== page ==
Pip Utton is a brave man. It appears there are no historical monoliths too great for him to attempt to scale. Hitler, Chaplin, Dickens; he is nothing if not ambitious. Margaret Thatcher may be his biggest challenge yet. Certainly, she is the most divisive character he has played, neither fully adored nor reviled – and he is willing to go on stage and not only act as the Iron Lady; but allow the audience to ask questions and to answer them as Maggie. Yes; a brave man.
Interestingly, Utton doesn’t begin the show as Maggie, but as another actor preparing to play Maggie. This allows him to establish a contextual framework with an emotional core, and to comment on the nature of performance itself.
Once Maggie herself in unleashed it is nothing short of stunning. He is Maggie. It felt a little, well, grubby to be standing, cheering and clapping for this figure. Not only are the mannerisms, stance, and speech patterns immaculate; but the amount of research must have been exhaustive. The audience were never short of questions (insightful and probing ones too for the most part) covering every period of her political career and beyond; and Utton had an answer for each one. Never once was it any less than utterly convincing.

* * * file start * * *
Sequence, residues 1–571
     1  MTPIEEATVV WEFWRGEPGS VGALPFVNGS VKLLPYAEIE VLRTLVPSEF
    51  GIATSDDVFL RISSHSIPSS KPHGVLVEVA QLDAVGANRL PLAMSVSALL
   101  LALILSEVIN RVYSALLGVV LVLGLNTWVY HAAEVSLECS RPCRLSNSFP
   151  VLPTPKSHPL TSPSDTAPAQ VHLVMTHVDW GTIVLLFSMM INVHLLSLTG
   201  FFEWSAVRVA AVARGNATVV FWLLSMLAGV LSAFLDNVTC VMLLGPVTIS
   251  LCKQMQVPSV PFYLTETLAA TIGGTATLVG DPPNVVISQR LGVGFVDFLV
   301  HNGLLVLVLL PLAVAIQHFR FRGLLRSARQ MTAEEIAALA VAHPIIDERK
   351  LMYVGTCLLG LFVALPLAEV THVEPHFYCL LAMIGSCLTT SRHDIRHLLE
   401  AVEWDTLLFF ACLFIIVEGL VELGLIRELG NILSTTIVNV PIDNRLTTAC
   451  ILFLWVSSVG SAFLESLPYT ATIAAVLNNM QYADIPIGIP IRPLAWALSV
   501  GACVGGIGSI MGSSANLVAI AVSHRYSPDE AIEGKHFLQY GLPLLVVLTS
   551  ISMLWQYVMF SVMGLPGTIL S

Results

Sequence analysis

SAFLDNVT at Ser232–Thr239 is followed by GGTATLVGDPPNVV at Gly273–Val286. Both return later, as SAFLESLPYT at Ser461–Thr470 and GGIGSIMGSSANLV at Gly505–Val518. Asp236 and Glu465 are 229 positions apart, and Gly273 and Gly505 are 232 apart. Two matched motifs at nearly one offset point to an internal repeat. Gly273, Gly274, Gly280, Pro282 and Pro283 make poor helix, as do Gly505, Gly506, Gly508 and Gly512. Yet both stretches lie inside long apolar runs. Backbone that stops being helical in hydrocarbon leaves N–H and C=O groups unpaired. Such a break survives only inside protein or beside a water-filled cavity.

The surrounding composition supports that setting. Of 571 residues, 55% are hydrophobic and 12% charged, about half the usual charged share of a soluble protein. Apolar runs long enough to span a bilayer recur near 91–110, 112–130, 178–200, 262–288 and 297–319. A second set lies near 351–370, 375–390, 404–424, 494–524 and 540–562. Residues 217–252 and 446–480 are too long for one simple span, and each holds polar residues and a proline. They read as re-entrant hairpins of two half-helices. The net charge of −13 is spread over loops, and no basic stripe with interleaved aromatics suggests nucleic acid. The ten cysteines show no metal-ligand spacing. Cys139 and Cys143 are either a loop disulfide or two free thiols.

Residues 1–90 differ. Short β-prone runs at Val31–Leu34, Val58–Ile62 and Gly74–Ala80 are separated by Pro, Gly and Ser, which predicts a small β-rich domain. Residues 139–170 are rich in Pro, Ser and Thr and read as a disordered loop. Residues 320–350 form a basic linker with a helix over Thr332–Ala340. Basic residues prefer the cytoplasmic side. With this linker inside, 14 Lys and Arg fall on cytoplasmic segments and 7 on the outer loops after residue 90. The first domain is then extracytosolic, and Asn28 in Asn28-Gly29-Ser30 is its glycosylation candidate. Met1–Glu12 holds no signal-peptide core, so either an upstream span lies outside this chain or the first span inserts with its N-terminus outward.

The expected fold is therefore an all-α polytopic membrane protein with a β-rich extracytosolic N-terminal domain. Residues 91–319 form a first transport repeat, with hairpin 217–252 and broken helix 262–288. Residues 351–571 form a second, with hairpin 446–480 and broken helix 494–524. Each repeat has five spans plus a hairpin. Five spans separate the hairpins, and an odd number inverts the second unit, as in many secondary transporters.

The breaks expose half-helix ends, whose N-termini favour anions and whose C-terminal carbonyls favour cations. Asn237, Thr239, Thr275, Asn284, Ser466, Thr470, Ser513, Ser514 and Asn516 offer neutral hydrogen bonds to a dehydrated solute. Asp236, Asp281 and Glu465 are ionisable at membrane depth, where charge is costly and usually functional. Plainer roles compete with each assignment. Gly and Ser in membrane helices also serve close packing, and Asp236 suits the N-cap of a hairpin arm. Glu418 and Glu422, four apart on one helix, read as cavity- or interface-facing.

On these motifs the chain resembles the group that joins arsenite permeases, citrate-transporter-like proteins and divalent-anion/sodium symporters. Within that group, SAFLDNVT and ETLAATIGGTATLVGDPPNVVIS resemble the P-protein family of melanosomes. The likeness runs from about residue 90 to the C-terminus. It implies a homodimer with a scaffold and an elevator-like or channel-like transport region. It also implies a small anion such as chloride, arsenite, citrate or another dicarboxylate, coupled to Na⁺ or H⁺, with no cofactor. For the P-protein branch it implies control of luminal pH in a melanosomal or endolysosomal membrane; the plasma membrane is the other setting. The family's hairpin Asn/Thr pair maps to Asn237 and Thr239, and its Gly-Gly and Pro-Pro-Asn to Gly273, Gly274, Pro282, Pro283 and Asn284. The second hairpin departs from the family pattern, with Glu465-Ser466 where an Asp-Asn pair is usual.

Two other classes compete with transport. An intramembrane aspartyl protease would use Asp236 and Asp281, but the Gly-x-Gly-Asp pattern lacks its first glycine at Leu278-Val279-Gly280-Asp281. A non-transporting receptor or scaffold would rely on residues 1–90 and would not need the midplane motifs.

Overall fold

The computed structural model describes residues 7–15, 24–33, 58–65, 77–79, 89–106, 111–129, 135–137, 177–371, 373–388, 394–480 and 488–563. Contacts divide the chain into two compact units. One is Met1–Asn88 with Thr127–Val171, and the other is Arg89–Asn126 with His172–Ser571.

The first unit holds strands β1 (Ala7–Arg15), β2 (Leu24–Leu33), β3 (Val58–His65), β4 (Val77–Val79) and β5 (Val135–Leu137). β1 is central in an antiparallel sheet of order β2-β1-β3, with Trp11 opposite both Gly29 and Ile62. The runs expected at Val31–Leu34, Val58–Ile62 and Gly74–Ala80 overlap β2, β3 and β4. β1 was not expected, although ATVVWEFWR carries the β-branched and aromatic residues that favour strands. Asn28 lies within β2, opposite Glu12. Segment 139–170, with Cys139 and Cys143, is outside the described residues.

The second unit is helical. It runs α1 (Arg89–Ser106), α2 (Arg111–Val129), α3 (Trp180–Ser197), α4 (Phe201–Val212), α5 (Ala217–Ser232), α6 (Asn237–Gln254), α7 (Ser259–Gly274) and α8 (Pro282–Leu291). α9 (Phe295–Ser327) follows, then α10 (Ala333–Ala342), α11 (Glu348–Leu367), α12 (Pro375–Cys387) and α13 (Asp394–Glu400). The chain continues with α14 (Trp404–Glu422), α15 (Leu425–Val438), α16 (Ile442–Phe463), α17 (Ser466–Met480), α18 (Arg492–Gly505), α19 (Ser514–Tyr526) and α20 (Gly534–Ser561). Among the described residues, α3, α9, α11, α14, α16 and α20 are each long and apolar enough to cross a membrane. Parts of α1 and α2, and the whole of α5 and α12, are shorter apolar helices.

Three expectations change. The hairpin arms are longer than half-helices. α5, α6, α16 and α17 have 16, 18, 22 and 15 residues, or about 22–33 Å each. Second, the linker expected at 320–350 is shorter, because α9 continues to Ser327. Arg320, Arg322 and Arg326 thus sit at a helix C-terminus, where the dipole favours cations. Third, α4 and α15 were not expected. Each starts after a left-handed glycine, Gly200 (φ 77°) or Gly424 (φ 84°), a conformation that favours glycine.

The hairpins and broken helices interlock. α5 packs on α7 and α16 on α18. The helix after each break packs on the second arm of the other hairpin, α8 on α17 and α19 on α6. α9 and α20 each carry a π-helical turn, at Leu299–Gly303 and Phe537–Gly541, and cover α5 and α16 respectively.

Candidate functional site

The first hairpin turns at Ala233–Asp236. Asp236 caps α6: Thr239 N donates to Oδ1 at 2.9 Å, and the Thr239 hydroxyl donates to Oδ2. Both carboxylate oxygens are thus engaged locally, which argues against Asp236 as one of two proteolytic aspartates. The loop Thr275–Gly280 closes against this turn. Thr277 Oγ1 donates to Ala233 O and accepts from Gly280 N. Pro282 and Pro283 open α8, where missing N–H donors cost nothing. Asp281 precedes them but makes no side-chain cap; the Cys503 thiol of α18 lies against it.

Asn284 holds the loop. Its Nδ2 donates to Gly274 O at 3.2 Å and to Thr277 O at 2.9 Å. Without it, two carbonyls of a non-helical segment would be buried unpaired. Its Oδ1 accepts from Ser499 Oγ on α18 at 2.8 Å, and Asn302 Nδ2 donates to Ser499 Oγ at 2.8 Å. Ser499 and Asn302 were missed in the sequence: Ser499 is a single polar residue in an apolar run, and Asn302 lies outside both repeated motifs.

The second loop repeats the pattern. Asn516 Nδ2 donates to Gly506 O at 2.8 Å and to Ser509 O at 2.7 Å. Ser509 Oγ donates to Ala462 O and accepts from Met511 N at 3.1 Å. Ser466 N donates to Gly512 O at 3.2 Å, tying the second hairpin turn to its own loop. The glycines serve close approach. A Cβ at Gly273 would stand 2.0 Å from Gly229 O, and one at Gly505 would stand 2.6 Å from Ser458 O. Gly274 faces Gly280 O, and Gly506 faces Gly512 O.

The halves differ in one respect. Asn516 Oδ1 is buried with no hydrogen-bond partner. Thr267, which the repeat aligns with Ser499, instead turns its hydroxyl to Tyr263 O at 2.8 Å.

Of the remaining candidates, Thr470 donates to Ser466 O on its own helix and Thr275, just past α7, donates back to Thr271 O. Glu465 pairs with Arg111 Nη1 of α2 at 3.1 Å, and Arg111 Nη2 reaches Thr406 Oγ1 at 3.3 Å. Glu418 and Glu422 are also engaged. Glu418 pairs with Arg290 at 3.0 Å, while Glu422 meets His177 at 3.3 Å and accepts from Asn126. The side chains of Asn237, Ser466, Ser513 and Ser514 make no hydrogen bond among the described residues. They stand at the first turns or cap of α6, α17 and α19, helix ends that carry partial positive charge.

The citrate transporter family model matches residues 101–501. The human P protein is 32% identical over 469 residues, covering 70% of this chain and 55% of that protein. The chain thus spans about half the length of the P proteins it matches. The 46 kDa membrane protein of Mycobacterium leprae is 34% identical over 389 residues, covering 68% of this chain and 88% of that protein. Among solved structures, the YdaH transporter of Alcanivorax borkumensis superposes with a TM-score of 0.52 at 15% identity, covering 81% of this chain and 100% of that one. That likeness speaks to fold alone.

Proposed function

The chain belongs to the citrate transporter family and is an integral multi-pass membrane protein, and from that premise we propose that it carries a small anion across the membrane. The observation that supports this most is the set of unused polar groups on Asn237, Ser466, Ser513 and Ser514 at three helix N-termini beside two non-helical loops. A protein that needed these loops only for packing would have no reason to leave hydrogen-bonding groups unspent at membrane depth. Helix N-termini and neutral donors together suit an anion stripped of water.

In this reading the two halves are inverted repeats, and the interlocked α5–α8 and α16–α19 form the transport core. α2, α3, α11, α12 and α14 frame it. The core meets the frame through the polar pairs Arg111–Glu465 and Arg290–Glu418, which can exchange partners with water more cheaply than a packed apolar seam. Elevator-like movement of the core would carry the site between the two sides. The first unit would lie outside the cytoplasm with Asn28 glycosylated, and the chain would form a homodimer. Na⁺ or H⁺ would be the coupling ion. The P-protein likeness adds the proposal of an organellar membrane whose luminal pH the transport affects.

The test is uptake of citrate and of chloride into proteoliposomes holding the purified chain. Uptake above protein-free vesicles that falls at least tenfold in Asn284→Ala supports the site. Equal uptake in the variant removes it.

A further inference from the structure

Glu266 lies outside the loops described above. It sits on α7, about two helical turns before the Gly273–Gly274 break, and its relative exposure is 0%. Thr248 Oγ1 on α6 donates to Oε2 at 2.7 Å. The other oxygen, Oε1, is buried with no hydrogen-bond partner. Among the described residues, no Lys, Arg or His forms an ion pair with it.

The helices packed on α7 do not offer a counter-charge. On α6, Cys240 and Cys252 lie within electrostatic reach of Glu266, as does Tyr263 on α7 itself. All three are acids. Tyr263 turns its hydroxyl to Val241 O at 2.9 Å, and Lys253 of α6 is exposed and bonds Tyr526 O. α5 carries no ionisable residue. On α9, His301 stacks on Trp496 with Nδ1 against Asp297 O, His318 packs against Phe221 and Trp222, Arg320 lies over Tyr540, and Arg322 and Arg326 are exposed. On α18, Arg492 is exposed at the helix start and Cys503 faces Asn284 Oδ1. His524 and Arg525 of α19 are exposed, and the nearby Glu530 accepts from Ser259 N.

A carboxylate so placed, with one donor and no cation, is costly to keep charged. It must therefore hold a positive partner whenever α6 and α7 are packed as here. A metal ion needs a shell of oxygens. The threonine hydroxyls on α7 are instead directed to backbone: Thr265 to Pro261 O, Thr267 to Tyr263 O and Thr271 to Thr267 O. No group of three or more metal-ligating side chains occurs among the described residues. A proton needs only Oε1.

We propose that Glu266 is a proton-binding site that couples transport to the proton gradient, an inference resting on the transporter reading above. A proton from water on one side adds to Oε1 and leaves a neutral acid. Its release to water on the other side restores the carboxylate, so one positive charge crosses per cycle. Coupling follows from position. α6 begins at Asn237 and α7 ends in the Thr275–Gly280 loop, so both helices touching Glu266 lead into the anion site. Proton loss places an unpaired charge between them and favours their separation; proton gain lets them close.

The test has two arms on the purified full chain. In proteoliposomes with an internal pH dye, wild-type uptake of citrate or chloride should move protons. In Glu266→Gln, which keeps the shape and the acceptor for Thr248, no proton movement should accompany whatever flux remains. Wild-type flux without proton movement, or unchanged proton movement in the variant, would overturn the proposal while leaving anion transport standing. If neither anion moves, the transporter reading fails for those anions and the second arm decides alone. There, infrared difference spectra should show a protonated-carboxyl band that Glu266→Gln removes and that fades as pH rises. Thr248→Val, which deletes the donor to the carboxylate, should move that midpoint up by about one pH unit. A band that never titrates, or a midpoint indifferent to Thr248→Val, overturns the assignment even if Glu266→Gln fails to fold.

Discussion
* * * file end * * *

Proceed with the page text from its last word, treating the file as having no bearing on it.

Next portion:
One may argue that Utton plays for laughs on occasion despite his assertion that Thatcher not only lacked a sense of humour, but failed to understand humour as a concept. This may be true, and a glib answer to a question on her final decline into Alzheimer’s disease was dismissed as being cheap by the gentleman who had posed it; but the low-level comedic current only ever heightened the enjoyment of the performance, which was wonderful throughout.